What happens when your customers can become suppliers? First comes disruption, and discomfort at the change. But some players are looking ahead, building partnerships which are the future of the utility industry.
I recently had a chat with Jemma Green, chairperson of Power Ledger – an Australian peer-to-peer (P2P) electricity service provider. Jemma is setting up networks of customers who are linked together via a microgrid to share the benefits of solar and storage assets.
The system incorporates blockchain technology which is similar to the technology behind bitcoins. It allows electrons generated to be recorded and on-sold to other customers in the network.
She used the term ‘Citizen Utility’ to describe the arrangement. That got me thinking about what might be the longer-term impact of P2P networks. We know that certain customer groups in Australia and elsewhere are frustrated with how the rules are changing regarding selling rooftop solar electrons back to the grid operators. They feel cheated by the utilities and the reducing value of the feed-in tariff deal is the driver pushing solar users to adopt energy storage solutions from the likes of Tesla, Panasonic and Enphase.
If I was a utility, my first thought would be to discourage this service. For more than a century, the electric grid has relied almost exclusively on centralized infrastructure, such as large power plants and long-distance transmissions lines. There is billions of dollars’ worth of assets tied up in that system. But distributed energy resources (DERs)—and the customers buying, installing, and using them—are changing the economic landscape for the power sector.
Decentralised off-grid networks like Power Ledger mean that customers can completely circumvent the existing grid system. If the P2P network took off, the new ‘utility’ would end up being the P2P system operator who presumably would keep adding new services to boost their service fee. These new services could include Smart Home initiatives such as elderly care, utilities management, automation and security.
What’s been missing so far in the evolution of P2P, is a trusted, open peer-to-peer platform for DERs to “play” in a shared economy. An independent platform underlies the success of many shared economy businesses. Some have suggested that as decentralized DER markets emerge, the possibility is that the power sector becomes a massive platform for shared economy businesses – like the Internet is today for Net businesses and its customers.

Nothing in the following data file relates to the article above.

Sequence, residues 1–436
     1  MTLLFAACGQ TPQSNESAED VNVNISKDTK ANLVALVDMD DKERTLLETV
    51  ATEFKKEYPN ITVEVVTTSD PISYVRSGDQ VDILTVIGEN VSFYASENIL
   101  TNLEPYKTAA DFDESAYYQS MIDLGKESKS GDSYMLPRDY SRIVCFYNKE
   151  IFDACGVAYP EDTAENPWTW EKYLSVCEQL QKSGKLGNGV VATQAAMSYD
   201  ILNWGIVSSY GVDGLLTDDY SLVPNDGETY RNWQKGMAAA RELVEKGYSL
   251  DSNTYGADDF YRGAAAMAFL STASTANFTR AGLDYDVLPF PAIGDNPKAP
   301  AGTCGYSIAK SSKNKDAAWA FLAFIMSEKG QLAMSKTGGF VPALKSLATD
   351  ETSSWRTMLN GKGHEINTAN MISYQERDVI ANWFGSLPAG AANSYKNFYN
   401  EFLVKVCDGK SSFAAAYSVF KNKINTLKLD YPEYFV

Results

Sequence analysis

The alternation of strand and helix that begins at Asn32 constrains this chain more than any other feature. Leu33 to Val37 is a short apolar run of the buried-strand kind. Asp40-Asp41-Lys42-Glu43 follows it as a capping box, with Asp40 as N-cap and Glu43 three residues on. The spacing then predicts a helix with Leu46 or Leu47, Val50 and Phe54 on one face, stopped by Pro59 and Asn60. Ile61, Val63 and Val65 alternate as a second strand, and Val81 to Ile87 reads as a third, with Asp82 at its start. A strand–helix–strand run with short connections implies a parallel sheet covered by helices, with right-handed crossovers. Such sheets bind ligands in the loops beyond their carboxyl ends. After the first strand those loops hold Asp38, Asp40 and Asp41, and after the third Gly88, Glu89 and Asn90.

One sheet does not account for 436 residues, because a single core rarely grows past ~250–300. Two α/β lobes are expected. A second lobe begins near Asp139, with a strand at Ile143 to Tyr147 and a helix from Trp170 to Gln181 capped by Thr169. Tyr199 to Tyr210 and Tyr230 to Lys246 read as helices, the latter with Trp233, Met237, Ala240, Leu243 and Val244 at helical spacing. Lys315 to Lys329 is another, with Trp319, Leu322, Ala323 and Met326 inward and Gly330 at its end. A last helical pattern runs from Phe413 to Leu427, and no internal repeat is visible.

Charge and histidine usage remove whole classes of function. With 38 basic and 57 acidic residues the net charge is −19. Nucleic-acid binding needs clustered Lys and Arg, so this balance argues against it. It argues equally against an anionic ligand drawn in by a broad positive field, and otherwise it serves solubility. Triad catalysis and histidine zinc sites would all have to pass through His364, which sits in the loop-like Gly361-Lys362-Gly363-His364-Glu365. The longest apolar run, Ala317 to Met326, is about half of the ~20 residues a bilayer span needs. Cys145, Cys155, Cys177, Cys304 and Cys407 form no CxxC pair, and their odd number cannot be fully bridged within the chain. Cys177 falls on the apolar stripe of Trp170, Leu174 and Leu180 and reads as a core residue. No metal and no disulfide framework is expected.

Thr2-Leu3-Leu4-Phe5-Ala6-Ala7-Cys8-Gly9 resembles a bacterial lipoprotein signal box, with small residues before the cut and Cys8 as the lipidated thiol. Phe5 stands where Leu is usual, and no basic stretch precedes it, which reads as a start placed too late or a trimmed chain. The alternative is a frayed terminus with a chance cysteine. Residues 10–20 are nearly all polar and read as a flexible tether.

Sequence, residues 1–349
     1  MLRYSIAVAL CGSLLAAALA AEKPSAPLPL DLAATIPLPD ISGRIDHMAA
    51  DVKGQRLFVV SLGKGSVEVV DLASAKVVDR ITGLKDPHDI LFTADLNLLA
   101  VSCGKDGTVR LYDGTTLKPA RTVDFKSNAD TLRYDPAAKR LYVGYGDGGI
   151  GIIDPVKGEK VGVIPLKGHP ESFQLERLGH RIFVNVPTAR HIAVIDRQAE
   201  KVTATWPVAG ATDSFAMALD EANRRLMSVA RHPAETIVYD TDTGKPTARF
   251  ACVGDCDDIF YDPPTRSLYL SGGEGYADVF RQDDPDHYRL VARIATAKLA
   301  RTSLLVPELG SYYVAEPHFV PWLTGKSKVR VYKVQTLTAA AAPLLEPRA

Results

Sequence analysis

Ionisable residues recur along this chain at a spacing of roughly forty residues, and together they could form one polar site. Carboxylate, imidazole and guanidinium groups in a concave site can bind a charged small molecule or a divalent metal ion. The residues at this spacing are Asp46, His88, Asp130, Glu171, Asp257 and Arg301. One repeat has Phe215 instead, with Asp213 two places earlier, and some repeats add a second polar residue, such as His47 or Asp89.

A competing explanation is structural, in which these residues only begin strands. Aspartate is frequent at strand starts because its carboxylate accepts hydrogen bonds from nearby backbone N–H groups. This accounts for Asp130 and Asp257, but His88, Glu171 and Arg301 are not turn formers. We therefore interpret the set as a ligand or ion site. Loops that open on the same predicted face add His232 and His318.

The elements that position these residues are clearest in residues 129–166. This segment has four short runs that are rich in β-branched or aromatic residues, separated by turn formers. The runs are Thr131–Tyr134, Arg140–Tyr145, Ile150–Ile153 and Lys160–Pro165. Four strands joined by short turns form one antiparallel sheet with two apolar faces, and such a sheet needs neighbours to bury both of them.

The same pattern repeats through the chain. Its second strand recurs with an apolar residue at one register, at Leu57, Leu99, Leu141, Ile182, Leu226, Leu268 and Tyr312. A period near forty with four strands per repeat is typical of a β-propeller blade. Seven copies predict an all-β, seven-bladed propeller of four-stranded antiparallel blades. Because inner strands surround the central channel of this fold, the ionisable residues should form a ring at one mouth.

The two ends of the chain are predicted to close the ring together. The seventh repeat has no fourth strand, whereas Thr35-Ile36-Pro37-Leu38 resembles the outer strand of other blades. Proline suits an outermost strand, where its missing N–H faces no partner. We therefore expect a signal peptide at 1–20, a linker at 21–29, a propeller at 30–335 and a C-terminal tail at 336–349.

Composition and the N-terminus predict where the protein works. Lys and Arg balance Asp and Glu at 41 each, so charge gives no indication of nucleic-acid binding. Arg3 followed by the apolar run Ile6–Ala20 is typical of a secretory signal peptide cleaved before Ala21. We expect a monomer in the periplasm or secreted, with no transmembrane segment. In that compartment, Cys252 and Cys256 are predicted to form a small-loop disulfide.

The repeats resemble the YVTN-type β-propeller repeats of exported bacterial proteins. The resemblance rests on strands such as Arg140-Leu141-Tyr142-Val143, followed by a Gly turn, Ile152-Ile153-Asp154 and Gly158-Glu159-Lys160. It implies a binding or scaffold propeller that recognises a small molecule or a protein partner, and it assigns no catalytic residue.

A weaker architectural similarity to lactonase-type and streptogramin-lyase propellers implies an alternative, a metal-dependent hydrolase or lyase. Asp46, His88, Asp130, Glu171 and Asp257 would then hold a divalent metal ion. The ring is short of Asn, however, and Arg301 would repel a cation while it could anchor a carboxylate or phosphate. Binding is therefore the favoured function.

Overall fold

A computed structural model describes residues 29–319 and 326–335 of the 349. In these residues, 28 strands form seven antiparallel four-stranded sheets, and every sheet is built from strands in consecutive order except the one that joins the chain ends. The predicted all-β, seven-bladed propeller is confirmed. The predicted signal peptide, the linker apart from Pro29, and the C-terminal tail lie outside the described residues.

A glimpse of how this market might evolve in Australia is the Amsterdam based Vandebron model, which provides a direct marketplace between local farms generating clean power and local homeowners and businesses looking for a low cost, simple renewable energy source. There are currently 16 farms with profiles on the online marketplace providing energy to hundreds of thousands of consumers – and potentially up to 1 million customers. Vandebron manages to cut utilities out of the equation entirely. That’s bad news for the traditional energy retailers and the distributors.
Jemma Green reckons traditional energy companies have a window of about two years to establish new business models before cheaper batteries further erode their market share. If I was a utility, I would be working out a way to get in on the action. And some of them are doing just that.
AGL is currently running a Virtual Power Plant trial based in South Australian homes. The project will comprise a centrally controlled network of 1,000 residential and business battery storage systems with a combined total of 7MWh capacity that will both store rooftop solar power and help manage grid stability in the state.
If you are interested in the future of Citizen Utilities and P2P networks, then sign up for Australian Utility Week – the Digital Utility expo (29-30 November, ATP, Sydney).
The event will attract around 1500 participants and features 200 experts from the utility technology sector. It includes Australia’s top Smart Energy and Smart Water start-ups speaking alongside utility R&D professionals and utility executives.
This is the only event in Australia or New Zealand that is dedicated to the digital utility theme and its implications for the utility business model, ICT architecture and customer strategies.
Download the showguide to find out more.